Why My Baby Won’t Sleep? (Here Are 9 Reasons Why)

Why My baby won't sleep - babe in dreamand

Newborn babies need a lot of sleep. I wonder, then, Why My Baby Will Not Sleep?

A healthy baby needs about 16 hours of sleep a day on average. However, some babies sleep more than others in their sleep patterns.

Nevertheless, the bottom line is – they will sleep more than they are awake.

So why do we, parents, stagger to our feet from lack of sleep and unsuccessfully try to put them down?

Why My Baby Won’t Sleep?

Why my baby will not sleep?

The most common reasons why your baby has trouble sleeping are overtiredness, overstimulation, physical discomfort, hunger, overheating, lack of sleep routine, adjustment to the new life outside of the womb and medical conditions. By observing your baby behaviour and signals, you will be able to identify the reason why she stays awake, so you can effectively deal with the problem.

(Un)realistic expectation of a newborn baby sleep schedule

First and foremost, I wanted to note that majority of the problems come from the fact that we, adults, have unrealistic expectations from our newborns. 

We would like them to sleep when it suits us – ideally at night when we would love to sleep ourselves. And babies do not cooperate in this matter. They hardly ever cooperate in any situation.

We also expect a few power naps during the day, so we can take care of our affairs for a while, such as having a shower, dressing up or getting something to eat. And to top it up – we still dream that the newborn sleeps in her crib.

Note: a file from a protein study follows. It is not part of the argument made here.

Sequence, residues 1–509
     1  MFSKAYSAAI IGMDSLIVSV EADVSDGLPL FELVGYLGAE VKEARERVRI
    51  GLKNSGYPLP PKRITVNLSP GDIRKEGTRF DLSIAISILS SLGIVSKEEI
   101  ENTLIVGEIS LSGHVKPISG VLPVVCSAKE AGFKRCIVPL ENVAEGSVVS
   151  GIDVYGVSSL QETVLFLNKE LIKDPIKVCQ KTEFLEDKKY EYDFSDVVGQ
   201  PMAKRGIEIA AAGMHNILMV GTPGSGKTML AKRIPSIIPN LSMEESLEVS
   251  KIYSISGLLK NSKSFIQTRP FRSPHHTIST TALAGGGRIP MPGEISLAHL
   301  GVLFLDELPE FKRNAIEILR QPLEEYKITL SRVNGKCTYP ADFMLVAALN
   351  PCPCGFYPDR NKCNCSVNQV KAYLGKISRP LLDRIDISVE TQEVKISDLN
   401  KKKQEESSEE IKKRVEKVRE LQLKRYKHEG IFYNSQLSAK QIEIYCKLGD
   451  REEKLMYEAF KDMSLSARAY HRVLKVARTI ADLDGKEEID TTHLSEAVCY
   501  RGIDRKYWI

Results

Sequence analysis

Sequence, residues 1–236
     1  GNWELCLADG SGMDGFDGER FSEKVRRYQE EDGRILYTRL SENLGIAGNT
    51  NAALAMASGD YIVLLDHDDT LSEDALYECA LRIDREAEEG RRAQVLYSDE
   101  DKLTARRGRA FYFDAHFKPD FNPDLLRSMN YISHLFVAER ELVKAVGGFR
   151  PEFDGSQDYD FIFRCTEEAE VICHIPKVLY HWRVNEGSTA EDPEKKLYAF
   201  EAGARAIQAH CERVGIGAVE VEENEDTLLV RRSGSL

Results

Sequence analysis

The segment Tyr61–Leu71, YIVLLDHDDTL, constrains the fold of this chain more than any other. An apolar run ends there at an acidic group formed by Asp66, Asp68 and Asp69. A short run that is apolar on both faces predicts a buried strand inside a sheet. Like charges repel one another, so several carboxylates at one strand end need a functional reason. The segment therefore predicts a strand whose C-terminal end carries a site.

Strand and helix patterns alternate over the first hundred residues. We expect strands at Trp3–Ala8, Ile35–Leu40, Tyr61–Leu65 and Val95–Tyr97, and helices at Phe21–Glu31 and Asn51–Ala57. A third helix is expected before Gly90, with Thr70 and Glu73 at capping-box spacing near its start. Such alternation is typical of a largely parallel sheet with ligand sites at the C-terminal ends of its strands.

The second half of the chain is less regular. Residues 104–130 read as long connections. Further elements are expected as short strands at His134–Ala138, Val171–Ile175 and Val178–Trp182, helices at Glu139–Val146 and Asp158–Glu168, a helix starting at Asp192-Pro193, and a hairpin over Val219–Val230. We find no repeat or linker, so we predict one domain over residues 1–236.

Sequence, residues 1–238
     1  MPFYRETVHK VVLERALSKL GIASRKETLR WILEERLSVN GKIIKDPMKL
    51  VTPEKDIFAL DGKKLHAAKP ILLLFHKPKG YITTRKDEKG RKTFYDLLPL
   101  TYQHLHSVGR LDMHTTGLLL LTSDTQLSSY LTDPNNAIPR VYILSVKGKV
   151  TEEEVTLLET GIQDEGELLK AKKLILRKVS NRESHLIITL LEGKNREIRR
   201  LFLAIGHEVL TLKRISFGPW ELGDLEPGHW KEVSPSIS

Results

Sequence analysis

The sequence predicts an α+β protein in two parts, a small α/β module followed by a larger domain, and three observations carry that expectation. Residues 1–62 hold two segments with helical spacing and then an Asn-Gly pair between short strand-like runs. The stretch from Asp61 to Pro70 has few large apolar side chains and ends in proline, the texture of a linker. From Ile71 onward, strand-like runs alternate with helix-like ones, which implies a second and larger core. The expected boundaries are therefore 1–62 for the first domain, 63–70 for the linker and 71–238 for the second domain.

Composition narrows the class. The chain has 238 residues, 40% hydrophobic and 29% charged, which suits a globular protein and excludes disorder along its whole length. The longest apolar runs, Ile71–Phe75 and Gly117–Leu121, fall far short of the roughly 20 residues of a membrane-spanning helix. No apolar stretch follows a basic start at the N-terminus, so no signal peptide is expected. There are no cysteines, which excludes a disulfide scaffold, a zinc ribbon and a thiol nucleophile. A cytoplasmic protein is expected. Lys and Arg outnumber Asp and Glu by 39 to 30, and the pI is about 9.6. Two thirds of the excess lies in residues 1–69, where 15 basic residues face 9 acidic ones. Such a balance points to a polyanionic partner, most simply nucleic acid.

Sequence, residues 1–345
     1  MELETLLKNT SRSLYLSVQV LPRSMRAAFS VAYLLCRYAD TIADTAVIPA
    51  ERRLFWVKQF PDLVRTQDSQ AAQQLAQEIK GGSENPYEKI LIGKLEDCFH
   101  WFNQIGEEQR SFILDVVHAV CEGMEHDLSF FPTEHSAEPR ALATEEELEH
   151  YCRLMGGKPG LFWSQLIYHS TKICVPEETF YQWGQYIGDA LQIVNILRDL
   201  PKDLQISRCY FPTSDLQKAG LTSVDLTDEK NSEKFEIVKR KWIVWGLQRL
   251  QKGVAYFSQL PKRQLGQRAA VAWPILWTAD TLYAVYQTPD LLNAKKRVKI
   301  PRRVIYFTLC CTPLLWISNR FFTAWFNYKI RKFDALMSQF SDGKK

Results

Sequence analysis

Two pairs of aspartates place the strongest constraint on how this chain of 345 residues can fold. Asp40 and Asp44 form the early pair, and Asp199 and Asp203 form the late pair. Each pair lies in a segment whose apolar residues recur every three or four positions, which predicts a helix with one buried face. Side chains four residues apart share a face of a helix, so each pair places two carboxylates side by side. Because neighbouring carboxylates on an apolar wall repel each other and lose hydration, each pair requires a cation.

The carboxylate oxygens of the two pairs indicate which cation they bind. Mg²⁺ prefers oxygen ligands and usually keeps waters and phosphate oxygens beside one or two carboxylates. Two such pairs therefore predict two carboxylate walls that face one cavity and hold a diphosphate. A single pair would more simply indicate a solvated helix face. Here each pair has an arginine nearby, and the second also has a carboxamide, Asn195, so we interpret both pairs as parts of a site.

However, the reality looks a bit different. The newborn does not sleep but falls asleep, not in the crib – but in our arms and once, God forbid, we try to put her in bed – she instantly opens their eyes and starts crying.

At this stage, all we can do is accept the fact that your little one has its sleep schedule and take the time to learn your baby sleep needs and work around them!

Check out my related post: ====> How Much Sleep Does My Baby Need

and  ===> What Is My Baby Trying To Tell Me?

To deal with sleep problems in babies, you first need to understand the cause.

1. My Baby Is Overtired

In simple terms: An overtired baby has difficulties falling and staying asleep than the baby that have regular naps throughout the day.

I know that for a parent it is tempting to skip the nap during the day or extend the time between the naps with the hope that the tired baby will sleep longer at night. But, this doesn’t work like that in the real world. Overtired baby releases a stress hormone which makes it hard to settle her down for sleep.

Babies get tired very quickly, for example, while suckling the breast or feeding with a bottle which takes hours for them to do. Hence, regular naps are essential for their wellbeing and development.

So, make sure you let them rest when they need it!

How to Prevent Overtiredness

2. My Baby Is Overstimulated

It is very similar to overtiredness: An overstimulated baby has difficulties falling and staying asleep.

What makes my baby overstimulated, you ask? It can be anything – from too many new activities or sensations such as noise, toys, books – to too many people than they can handle a once.